So serious are the doubts into which I have been thrown as a result of yesterday's meditation that I can neither put them out of my mind nor

    24 see any way of resolving them. It feels as if I have fallen unexpectedly into a deep whirlpool which tumbles me around so that I can neither stand on the bottom nor swim up to the top. Nevertheless I will make an effort and once more attempt the same path which I started on yesterday. Anything which admits of the slightest doubt I will set aside just as if I had found it to be wholly false; and I will proceed in this way until I recognize something certain, or, if nothing else, until I at least recognize for certain that there is no certainty. Archimedes used to demand just one firm and immovable point in order to shift the entire earth; so I too can hope for great things if I manage to find just one thing, however slight, that is certain and unshakeable.

    I will suppose then, that everything I see is spurious. I will believe that my memory tells me lies, and that none of the things that it reports ever happened. I have no senses. Body, shape, extension, movement and place are chimeras. So what remains true? Perhaps just the one fact that nothing is certain.

    Yet apart from everything I have just listed, how do I know that there is not something else which does not allow even the slightest occasion for doubt? Is there not a God, or whatever I may call him, who puts into mel the thoughts I am now having? But why do I think this, since I myself may perhaps be the author of these thoughts? In that case am not I, at least, something? But I have just said that I have no senses and no body.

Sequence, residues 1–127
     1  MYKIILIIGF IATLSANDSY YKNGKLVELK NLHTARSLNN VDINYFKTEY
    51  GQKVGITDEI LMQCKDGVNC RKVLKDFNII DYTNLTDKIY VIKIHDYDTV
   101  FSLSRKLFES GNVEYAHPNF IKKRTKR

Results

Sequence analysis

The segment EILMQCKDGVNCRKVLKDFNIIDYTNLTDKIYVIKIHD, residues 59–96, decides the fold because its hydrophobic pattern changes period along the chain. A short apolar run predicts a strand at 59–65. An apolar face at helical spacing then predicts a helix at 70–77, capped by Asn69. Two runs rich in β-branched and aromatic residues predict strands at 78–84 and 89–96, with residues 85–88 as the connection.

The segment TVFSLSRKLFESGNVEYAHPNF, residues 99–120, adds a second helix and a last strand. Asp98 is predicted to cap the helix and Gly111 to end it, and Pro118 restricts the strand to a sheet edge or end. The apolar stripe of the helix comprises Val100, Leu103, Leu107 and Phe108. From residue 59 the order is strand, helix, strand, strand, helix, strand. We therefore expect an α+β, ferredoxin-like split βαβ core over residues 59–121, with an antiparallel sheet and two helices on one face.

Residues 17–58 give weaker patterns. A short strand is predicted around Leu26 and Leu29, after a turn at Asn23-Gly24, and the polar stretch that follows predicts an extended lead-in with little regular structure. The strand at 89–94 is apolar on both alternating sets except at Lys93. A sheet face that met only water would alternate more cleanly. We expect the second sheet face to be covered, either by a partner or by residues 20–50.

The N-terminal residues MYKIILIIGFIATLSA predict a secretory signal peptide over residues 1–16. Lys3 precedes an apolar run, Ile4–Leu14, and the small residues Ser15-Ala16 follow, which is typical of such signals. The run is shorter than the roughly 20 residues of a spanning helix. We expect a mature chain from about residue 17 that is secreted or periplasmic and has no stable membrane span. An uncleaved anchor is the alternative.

25 This is the sticking point: what follows from this? Am I not so bound up with a body and with senses that I cannot exist without them? But I have convinced myself that there is absolutely nothing in the world, no sky, no earth, no minds, no bodies. Does it now follow that I too do not exist?

    I '". puts into my mind' (French version),

    16

    I ' . , or thought anythu

  • Second Meditation 17

    No: if I convinced myself of something! then I certainly existed. But there is a deceiver of supreme power and cunning who is deliberately and constantly deceiving me. In that case I too undoubtedly exist, if he is deceiving me; and let him deceive me as much as he can, he will never bring it about that I am nothing so long as I think that I am something. So after considering everything very thoroughly, I must finally conclude that this proposition, I am, I exist, is necessarily true whenever it is put forward by me or conceived in my mind.